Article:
Friday, June 09, 2006

Celebrating Death

Zarqawi is dead. It's just possible that you've already heard the news. The likely consequences of his death are now being argued over and any "leftists" who don't cheer loudly enough are being accused of sypathising with and supporting his activities. It's a standard practice in the "war" on terror to smear and bully anyone who dares question the wisdom of our great leaders so this is very much par for the course.

Let's be clear; Zarqawi was not a nice man. He was a murderer and a particularly vicious one at that. There are those who argue that killing him was illegal but from what we know, it seems clear that Zarqawi was not a non-combatant and was therefore a legitimate target.

But that doesn't mean it was a good idea to drop two bloody great bombs on him, killing a child in the process. Would we have done that if he'd been holed up in Las Vegas? Capturing him, while undoubtedly a more difficult task, would have been the more sensible and indeed more ethical option. (Of course, that too can lead to "collateral damage" particularly given the US military's propensity to use overwhelming force. Neverthless, a genuine effort to reduce the likelyhood of the deaths of innocents should have been made but was not.)

What do we really know about Zarqawi? Not a great deal if truth be told. It is widely accepted that he was a leading member of al Qaida but even that is debatable to say the least. There are strong suggestions that he was a rival to bin Laden rather than an ally. As in the Cold War, the complexities of the realtionships between "our enemies" are poorly understood in the halls of power. Blair, for example, harps on about the global nature of "this terrorism at every opportunity. He did so again yesterday:
For three years Al Qaeda have sought to murder innocent people, promote sectarian killing and wreck the democratic process in Iraq. This terrorism is a global movement. Their attack in Iraq has only ever been part of a wider attack that they have carried into conflicts and countries the world over, indeed there is barely a major nation in the world that has not felt the outreach of their evil. So defeat them in Iraq and we will defeat them everywhere.
This is so redolent of the simplistic US attitudes towards socialist movements during the Cold War, it's a vast communist conspiracy I tells you, that you've got to wonder whether the PM has the slightest understanding of recent world history. We now know that many socialist and even communist movements throughout the world were not part of some grand scheme orchestrated by the Soviets but were actually motivated by a variety of factors depending on the individual circumstances in each case. We know. I doubt Blair does.

(Btw, at Blair's press conference, he also said this:
I have long argued, as you know, that whatever the debate over the original decision to remove Saddam, for the past three years since his removal a struggle of a different nature has taken shape.
For all those who say calling Blair a liar is unjustified, how do you explain this? The debate over the decision to remove Saddam? When did we have that debate? Did I sleep through it? I remember the debate over Saddam's WMD and I remember the PM specifically ruling out regime change as a goal of his policy - "I detest his regime but even now he can save it by complying with the UN's demand".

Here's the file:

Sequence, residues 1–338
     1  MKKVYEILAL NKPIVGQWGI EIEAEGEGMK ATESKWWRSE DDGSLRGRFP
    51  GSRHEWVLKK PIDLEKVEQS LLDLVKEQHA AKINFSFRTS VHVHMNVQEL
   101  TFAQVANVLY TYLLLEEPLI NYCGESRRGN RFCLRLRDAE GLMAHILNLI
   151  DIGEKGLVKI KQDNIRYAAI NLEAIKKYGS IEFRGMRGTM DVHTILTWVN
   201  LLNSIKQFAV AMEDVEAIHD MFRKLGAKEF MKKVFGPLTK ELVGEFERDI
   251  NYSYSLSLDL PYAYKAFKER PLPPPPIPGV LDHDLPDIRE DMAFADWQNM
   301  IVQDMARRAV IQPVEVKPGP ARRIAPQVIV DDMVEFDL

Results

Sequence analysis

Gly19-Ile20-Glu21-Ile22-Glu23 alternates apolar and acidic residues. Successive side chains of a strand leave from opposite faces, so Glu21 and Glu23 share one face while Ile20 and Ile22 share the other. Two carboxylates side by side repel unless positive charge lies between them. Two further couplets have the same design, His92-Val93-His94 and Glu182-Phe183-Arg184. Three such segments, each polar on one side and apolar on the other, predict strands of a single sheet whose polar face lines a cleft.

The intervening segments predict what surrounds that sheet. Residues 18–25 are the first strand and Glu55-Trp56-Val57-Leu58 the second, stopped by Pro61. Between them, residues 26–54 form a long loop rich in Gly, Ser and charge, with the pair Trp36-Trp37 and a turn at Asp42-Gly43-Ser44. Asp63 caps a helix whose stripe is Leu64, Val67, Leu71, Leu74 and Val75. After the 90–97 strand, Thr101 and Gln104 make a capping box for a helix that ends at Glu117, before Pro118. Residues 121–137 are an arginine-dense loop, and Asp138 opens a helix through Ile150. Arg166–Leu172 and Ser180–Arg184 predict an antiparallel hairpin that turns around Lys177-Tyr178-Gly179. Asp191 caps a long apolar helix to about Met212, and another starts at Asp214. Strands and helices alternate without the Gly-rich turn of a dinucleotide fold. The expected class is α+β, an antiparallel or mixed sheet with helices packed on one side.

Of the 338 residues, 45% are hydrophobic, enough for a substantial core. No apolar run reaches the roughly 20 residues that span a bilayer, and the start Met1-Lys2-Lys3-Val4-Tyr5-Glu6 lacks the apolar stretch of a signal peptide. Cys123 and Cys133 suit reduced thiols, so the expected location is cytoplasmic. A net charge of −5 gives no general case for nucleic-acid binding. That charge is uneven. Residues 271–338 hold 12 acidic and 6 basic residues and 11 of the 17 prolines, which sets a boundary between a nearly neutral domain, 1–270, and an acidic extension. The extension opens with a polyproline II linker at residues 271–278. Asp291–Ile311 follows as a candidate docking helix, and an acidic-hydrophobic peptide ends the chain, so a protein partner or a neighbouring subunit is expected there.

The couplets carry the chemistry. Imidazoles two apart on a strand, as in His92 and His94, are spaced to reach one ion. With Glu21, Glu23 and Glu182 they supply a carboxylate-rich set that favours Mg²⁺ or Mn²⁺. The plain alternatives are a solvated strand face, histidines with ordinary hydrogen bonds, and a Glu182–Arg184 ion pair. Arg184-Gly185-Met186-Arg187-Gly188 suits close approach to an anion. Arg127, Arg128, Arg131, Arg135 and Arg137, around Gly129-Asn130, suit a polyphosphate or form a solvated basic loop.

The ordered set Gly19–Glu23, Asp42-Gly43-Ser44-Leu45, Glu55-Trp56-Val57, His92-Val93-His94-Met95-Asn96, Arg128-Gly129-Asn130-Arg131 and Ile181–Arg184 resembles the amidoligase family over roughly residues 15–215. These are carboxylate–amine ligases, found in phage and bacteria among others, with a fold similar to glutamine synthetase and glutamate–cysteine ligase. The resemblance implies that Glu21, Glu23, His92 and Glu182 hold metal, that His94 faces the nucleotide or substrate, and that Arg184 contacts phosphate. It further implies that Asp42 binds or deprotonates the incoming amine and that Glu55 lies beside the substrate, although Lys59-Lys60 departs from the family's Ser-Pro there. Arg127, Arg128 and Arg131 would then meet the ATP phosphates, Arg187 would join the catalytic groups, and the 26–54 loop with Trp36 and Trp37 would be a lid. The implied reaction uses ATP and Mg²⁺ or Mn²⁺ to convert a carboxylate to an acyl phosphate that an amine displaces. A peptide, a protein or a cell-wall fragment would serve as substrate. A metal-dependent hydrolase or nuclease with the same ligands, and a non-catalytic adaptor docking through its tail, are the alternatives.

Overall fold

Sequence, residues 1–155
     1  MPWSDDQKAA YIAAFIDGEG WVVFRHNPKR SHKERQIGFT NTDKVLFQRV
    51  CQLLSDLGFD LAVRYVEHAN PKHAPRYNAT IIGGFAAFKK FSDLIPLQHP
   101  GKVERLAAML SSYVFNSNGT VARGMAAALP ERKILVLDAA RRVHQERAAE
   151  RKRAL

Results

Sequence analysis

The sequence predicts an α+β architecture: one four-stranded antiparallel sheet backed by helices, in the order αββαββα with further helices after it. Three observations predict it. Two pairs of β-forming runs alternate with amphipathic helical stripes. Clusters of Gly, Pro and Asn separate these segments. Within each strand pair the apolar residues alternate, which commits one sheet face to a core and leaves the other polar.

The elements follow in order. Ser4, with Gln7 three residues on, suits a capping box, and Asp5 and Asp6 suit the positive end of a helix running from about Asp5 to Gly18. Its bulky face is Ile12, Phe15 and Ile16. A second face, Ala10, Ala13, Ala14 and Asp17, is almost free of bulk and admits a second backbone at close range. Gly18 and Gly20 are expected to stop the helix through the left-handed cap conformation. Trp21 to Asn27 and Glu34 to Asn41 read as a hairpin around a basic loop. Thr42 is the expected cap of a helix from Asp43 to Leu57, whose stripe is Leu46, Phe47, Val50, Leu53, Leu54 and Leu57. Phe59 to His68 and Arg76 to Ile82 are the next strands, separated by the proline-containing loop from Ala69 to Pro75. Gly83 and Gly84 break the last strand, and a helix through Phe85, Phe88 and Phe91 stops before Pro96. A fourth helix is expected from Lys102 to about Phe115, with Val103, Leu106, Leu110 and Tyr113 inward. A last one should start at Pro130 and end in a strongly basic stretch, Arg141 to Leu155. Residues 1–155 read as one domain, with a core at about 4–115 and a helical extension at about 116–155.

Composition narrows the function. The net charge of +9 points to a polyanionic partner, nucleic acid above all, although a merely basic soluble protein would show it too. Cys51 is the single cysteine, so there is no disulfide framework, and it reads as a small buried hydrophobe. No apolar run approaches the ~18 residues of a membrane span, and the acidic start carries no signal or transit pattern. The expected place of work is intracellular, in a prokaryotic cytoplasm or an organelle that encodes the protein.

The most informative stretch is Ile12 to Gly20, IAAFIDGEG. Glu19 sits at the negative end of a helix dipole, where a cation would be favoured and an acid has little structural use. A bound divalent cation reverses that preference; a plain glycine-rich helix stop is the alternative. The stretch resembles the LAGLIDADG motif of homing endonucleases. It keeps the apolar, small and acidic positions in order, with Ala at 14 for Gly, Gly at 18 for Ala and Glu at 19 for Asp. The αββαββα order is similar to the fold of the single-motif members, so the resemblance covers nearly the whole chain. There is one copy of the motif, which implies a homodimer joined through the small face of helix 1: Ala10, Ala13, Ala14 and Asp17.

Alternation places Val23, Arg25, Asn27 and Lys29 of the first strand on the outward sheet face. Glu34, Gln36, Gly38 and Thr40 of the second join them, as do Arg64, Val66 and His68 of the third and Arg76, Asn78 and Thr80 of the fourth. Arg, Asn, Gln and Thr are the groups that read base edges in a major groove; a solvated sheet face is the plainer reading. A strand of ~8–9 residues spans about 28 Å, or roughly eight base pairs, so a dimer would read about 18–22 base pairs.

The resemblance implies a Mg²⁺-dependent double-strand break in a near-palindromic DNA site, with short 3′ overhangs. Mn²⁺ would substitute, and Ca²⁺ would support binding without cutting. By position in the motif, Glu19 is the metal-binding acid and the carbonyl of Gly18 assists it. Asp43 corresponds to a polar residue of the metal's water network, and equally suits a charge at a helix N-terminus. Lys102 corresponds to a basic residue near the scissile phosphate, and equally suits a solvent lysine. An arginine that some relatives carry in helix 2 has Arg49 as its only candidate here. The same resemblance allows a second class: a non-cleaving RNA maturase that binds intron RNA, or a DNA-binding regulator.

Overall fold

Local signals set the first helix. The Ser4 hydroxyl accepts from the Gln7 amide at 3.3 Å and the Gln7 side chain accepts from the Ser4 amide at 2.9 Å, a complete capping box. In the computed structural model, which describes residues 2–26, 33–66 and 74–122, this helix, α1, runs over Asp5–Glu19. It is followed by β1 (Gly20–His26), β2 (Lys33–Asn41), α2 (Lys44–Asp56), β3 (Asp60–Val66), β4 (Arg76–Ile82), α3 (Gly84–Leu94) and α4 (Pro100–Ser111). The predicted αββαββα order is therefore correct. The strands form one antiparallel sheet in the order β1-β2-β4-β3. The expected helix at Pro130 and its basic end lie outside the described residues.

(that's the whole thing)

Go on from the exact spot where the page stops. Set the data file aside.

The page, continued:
The man is an unprincipled revisionist. A liar.)

There's no doubt that Zarqawi had some contact with bin Laden and his associates. That he was a key al Qaida leader is far less certain.

But how significant was Zarqawi in Iraq? Estimates vary, the fog of war makes it difficult to draw firm conclusions, but it seems likely that he was responsible for some of the more extreme attacks on Shiite communities. He was widely though to be behind the bombing of the Al Askari Mosque at Samarra which set off a chain of sectarian reprisal killings, for example. But, it is also thought that his fighters represent less than ten percent of the insurgency in Iraq.

Will his death make a significant difference to the security situation? I doubt it very much. Israeli governments have been assassinating leading figures in various groups for years and it has done nothing to provide long term security. In fact, it could be argued that these killings simply increase the determination of others to redouble their efforts to continue with their attacks.

Zarqawi was the poster boy of the US efforts in Iraq. In some ways, while I'm not of the view that he was a myth as some people claim, he was a creation of the US government.
Military Plays Up Role of Zarqawi
Jordanian Painted As Foreign Threat To Iraq's Stability

The U.S. military is conducting a propaganda campaign to magnify the role of the leader of al-Qaeda in Iraq, according to internal military documents and officers familiar with the program. The effort has raised his profile in a way that some military intelligence officials believe may have overstated his importance and helped the Bush administration tie the war to the organization responsible for the Sept. 11, 2001, attacks.
His death will undoubtedly be of some value to the US government in the domestic political arena.

Will it make a real difference to the long term security situation? Given the low key pronouncements of Bush and Blair yesterday, even they realise that it most probably will not.

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